Wednesday, 13 December 2017

How to help a child with PDA at Christmas

Christmas seems to be approaching faster than ever this year, and with this in mind, I thought I'd try and give some advice on how to help a child with Pathological Demand Avoidance (PDA) over this festive period.

Pathological Demand Avoidance is a type of autism. Demand Avoidance is common in most types of autism but children (and adults) with PDA are known to have an extreme level of this. There is more information about the key features of Pathological Demand Avoidance over on the PDA Society website; one of the main features is that the ordinary demands of everyday life are avoided or resisted. The festive season brings so many more demands in general, all building up to a specific point in time, which of course generates its own pressure. 

So let me offer some tips and strategies on how to make it through to the end of December, whilst saving everyone's sanity.
Sasha dressed as Christmas angel
Sasha being a Christmas angel three years ago


Let It Go


This morning, we gave Sasha her main Christmas present. Yep, you read that right, it's only the 13th December, and she's had her main gift. I can hear the sharp intakes of breath from here.

The thing is, there was really no point, nothing to be gained by making her wait until Christmas Day. We won't buy anything else in its place and have explained that to her (of course there are some other smaller gifts). She's understood, and now we just have to hope that it won't lead to disappointment on the big day itself. I honestly don't think it will though.

Sasha has a very low threshold for suspense; patience is not one of her outstanding qualities. I suspect this is true of most children with PDA, most children with autism in fact. I'm not sure it's a skill which we can teach her easily, although as she has got older her ability to wait has improved slightly. Just recently, Sasha has asked to play some board games with us, an activity that plenty of families enjoy and take for granted (when they have the time!). Sasha has never had the patience for turn-taking or the focus to follow through, so I never thought board games would be an option. We're still at the point where the games have to follow all her rules, she is allowed to cheat and she MUST win, but to actually have her sitting down playing a game with us is definitely a step forward. We do celebrate the small wins around here.

We've never given Sasha a present for Christmas this early before but then the build-up has not affected her so intensely before either. 

Sometimes, for children with autism who have specific interests which could be classed as obsessive, the thoughts take over and waiting is just too difficult. 


Look out for the signs 


The signs could be anything from withdrawal to unexpected behaviour, or from extreme upset to full on meltdown. You will know when the point of no return has been reached, and in my book it's always better to have acted before you get there.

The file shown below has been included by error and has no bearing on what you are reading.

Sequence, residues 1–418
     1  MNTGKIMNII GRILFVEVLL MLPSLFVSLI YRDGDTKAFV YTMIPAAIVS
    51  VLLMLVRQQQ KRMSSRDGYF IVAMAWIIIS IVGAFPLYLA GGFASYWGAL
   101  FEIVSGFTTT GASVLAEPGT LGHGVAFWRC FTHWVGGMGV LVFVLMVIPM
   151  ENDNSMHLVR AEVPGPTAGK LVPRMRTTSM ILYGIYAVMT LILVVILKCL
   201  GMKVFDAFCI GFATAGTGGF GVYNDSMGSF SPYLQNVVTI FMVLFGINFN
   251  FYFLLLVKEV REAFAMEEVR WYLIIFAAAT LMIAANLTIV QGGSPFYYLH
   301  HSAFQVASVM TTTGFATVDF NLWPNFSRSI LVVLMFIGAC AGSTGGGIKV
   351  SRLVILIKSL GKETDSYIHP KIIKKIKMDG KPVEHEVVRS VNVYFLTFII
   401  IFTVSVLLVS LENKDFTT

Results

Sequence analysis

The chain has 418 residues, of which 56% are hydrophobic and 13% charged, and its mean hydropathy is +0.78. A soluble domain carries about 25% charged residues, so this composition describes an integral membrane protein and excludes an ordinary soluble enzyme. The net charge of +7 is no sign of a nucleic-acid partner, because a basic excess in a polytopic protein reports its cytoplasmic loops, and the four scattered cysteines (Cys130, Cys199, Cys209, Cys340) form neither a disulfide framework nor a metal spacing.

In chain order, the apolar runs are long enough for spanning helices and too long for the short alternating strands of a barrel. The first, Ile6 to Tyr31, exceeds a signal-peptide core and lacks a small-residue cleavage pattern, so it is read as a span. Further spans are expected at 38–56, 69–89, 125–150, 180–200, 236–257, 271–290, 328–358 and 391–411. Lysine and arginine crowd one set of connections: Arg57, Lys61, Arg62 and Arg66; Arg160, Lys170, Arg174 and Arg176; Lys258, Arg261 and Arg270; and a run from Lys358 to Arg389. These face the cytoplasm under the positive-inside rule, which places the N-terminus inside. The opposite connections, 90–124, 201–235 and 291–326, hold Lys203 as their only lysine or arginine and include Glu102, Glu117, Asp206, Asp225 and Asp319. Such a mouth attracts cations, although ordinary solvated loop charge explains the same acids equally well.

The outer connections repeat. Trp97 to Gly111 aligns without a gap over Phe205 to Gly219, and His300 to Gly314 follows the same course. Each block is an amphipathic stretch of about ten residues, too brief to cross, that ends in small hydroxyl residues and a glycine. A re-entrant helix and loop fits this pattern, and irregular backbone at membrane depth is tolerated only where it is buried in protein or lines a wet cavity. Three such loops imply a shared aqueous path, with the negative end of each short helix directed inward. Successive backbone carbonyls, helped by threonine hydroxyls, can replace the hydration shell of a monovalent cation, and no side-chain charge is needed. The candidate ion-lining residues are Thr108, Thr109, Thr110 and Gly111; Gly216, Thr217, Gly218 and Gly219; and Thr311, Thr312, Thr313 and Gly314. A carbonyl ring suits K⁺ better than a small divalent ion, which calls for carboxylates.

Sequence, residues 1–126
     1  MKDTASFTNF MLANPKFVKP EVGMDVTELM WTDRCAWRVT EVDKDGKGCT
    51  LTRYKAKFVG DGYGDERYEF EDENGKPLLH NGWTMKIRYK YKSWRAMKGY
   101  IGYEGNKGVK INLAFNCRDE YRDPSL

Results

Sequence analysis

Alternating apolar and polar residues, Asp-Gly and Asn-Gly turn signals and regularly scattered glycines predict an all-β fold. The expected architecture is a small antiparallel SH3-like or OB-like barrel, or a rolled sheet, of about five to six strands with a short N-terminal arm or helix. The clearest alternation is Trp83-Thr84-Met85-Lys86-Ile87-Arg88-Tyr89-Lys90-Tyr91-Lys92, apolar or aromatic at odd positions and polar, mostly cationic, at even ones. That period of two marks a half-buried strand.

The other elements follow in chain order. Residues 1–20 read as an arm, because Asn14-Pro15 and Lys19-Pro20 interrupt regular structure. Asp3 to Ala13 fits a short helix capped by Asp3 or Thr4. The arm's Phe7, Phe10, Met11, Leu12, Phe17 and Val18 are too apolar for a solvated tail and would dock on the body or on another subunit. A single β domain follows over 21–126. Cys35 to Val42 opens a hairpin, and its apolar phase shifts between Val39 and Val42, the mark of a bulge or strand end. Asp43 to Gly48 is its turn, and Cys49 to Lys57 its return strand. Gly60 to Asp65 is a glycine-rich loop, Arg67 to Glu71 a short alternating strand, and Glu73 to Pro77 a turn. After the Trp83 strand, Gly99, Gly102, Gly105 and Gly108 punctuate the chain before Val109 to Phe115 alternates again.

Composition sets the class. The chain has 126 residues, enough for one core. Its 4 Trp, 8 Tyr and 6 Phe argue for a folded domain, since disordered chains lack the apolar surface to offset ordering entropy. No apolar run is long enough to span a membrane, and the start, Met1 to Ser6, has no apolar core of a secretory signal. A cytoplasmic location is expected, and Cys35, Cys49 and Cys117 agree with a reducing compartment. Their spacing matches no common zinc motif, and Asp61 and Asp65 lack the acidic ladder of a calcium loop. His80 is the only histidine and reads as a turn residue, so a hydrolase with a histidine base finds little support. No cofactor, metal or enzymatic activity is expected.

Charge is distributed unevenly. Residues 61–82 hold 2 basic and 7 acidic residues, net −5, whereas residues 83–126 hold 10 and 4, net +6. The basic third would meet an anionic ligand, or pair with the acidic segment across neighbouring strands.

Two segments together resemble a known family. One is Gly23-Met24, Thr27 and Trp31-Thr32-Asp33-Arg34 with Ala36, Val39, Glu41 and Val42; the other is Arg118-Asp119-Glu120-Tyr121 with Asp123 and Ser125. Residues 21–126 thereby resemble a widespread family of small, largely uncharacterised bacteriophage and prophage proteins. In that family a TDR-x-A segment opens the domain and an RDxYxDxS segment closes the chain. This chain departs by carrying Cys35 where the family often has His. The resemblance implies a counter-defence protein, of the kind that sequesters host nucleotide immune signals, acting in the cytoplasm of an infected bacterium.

In this case the fact that Dan TDM produced a YouTube video all about the Nintendo Super Mario Odyssey game that Sasha was waiting for didn't help us.... that video has been on repeat in our house for several days, just adding to the tension, until we finally got to a point yesterday where Sasha could think of nothing else and her mood was taking a steep downwards dive. 

The game was actually released at the end of October, so to be fair Sasha has already been waiting for it for a while. Watching how much Dan TDM was enjoying the game just reinforced her need to experience it for herself. This obsession was leading to increased frustration with everyone and everything, and there was only one thing that could solve it. Sasha didn't actually ask for the gift early, she just couldn't stop herself from almost screaming and crying and talking about it non-stop.

Ask yourself 'does it matter?'


When Sasha was younger (see photo above) I wrote this post about her Christmas show. In previous years I questioned whether there was any point in her taking part in the school shows when it clearly gave her an extra struggle. It didn't matter to me whether she was in it or not. Of course most parents enjoy seeing their child perform in a big school show, but it perhaps seems a little selfish to request that happens if it's not what your child wants or needs.

Having everyone around the table for the big turkey or nut roast dinner is a main feature of Christmas day for many people. After all the presents are opened, the meal is a part of events which everyone should enjoy. Children are forced to sit at a table and are expected to enjoy it as much as the grown ups. Of course for some lucky parents, the children do enjoy their food and are quite happy to join in with general chatter. Our eldest girl will do this for sure, without us even having to bribe her...